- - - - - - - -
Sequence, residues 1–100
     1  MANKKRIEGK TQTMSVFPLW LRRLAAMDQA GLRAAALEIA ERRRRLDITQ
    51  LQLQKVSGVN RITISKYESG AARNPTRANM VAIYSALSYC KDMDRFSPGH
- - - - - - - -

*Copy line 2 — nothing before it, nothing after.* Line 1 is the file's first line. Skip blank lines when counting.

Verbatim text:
     1  MANKKRIEGK TQTMSVFPLW LRRLAAMDQA GLRAAALEIA ERRRRLDITQ